Michael A. Toler has been the Archnet Content Manager since September 2012. He also served as Interim Program Head of the Aga Khan Documentation Center at MIT (AKDC@MIT) from July 2018 to April 2020.
Michael has been involved in the digital humanities since the mid-1990s. From 2001-2010 he served as the Program Director for the Al Musharaka Initiative of the National Institute for Technology and Liberal Education. Michael was responsible for the development of content for the Arab Culture and Civilization Online Resource, and for coordinating inter-institutional, collaborative endeavors of faculty, librarians, and technologists using technology to enhance teaching and research on topics relating to Islam, the Middle East, and North Africa. Michael has contributed more than 3,500 images to Archnet, and creates most of the help videos and user guides. He is particularly proud of collaborations with the Tangier American Legation Institute for Moroccan Studies (TALIM) and other institutions, including Wellesley College and the American Folklife Center of the Library of Congress to bring online the glass negatives from TALIM's collection showing Tangier, Morocco, Algeria, Spain, and Frace in the period from roughly 1890 to 1930, and the nearly 70 hours of Moroccan music recorded in 1959 by Paul Bowles.
Michael received a Ph.D. in Comparative Literature with a Certificate in Translation Studies from Binghamton University (SUNY), after teaching in Morocco at L'Ecole Supérieure Roi Fahd de Traduction and Al Akhawayn University in Morocco. He also holds an MA and BA in English from New York University and Virginia Commonwealth University, respectively. He has published and lectured extensively on digital pedagogy and scholarship, as well as the literature, history, cinema, music, and cyberspace of the Maghreb, and the Middle East more widely.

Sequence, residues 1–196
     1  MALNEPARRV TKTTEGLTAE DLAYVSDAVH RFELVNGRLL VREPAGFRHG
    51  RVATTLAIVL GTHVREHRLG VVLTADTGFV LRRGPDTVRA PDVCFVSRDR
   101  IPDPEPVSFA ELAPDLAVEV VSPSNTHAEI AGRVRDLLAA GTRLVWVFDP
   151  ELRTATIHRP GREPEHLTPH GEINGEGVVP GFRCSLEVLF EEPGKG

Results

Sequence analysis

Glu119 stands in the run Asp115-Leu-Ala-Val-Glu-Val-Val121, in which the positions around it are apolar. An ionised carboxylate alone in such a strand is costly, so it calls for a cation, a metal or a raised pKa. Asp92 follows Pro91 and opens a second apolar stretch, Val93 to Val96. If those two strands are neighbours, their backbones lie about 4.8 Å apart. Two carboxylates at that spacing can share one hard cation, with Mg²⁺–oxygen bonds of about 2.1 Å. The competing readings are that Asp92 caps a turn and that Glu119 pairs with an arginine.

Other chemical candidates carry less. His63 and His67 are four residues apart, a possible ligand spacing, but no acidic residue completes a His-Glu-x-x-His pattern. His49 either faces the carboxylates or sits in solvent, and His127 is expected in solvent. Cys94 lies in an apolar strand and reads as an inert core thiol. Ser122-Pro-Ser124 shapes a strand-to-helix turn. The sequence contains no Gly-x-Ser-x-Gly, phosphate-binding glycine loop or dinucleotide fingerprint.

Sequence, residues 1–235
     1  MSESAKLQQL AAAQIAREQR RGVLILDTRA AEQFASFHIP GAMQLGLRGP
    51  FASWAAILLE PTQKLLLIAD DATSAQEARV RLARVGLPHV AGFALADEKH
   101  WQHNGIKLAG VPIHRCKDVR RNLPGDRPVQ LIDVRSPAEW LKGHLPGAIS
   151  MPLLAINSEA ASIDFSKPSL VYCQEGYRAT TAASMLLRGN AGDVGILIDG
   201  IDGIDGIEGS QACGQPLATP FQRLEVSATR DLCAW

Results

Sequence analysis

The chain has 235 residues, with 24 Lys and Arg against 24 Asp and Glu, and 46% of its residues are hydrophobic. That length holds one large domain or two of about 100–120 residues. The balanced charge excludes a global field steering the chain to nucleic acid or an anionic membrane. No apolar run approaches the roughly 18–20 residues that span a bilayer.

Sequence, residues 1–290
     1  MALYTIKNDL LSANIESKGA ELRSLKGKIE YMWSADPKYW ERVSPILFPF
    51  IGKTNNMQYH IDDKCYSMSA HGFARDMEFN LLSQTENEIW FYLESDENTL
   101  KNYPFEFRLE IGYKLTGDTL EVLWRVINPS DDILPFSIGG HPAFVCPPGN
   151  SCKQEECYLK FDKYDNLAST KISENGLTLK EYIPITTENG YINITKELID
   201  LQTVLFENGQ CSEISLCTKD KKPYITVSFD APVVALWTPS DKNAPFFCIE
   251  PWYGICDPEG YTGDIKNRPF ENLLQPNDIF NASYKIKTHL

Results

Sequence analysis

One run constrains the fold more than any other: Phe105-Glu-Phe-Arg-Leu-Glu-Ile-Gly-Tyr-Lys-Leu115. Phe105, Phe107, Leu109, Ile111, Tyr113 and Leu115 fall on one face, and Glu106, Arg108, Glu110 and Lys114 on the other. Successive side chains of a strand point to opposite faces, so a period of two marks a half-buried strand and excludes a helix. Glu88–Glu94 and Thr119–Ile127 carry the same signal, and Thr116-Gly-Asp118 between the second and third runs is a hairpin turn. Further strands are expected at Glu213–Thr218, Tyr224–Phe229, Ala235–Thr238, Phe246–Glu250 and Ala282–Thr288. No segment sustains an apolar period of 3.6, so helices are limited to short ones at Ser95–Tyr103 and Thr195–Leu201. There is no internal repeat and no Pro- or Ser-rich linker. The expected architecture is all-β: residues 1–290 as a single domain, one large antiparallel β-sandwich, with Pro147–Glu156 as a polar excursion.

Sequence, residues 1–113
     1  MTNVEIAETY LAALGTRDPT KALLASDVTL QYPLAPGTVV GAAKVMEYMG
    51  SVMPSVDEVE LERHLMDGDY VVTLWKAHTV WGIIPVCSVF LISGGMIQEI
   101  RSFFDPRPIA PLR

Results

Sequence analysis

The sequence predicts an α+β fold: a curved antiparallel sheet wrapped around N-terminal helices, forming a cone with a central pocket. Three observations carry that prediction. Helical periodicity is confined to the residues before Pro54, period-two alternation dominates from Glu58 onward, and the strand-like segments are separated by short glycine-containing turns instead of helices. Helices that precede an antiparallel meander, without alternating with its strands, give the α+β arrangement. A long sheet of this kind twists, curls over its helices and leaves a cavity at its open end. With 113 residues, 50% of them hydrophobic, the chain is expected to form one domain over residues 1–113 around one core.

Michael is Secretary of the Tangier American Legation Institute for Moroccan Studies (TALIM), and serves on the board or advisory groups of numerous academic societies and cultural institutions.
Brodeur, Jason, Morgan Daniels, Annie Johnson, Natsuko Nicholls, Sarah Pickle, and Elizabeth A. Waraksa A. Waraksa. National Institute for Technology in Liberal Education: An Assessment. CLIR Report. Council on Library & Information Resources, November 2016.
Davis, D.A. "Milennial Teaching". Academe, (2003) v. 89, 1, pp. 19-22.
Millichap, N. & Toler, M. (2005). Online Resource Creation Catalyzes Collaboration. Educause Quarterly, 28(4), 57-59. https://er.educause.edu/~/media/files/articles/2005/10/eqm0549.pdf?la=en. Retrieved March 5, 2021.
Toler, Michael A. 2005. “Extending the Campus: Al-Musharaka and Technology-Assisted Collaboration.” Middle East Studies Association Bulletin 39 (2). Cambridge University Press: 169–74. doi:10.1017/S0026318400048100.
Toler, Michael A. "From Tangier’s Old Medina to the World: Efforts to Make the Visual Resources in the Collection of the Tangier American Legation Institute for Moroccan Studies More Widely Available. in MELA Notes 2016 89 (2017): 15-22. https://www.mela.us/publications/mela-notes/mela-notes-archive/.
The library of the Tangier American Legation Institute for Moroccan Studies (TALIM) is a small, highly specialized research library in the old medina of Tangier. Though the library contains specialized, often unique materials on Morocco, the Maghrib, and US-Morocco relations, it has not been well known among academics and researchers, and consequently is underutilized. This article surveys efforts by the TALIM Director and Board to rectify that by making the library catalog available online, and to make unique visual, textual, and audio materials available through Archnet. As a small nonprofit, TALIM faced unique challenges that it met by building collaborative networks. The article briefly outlines prior efforts of TALIM to facilitate access for scholars and academics worldwide. It then focuses on an inter-institutional effort involving the Aga Khan Documentation Center at MIT, Wellesley College, and other institutions in Morocco and the United States to simultaneously conserve a collection of glass negatives, and to make the images more widely available to scholars and researchers. Finally, the article will assess these efforts, and chart future directions.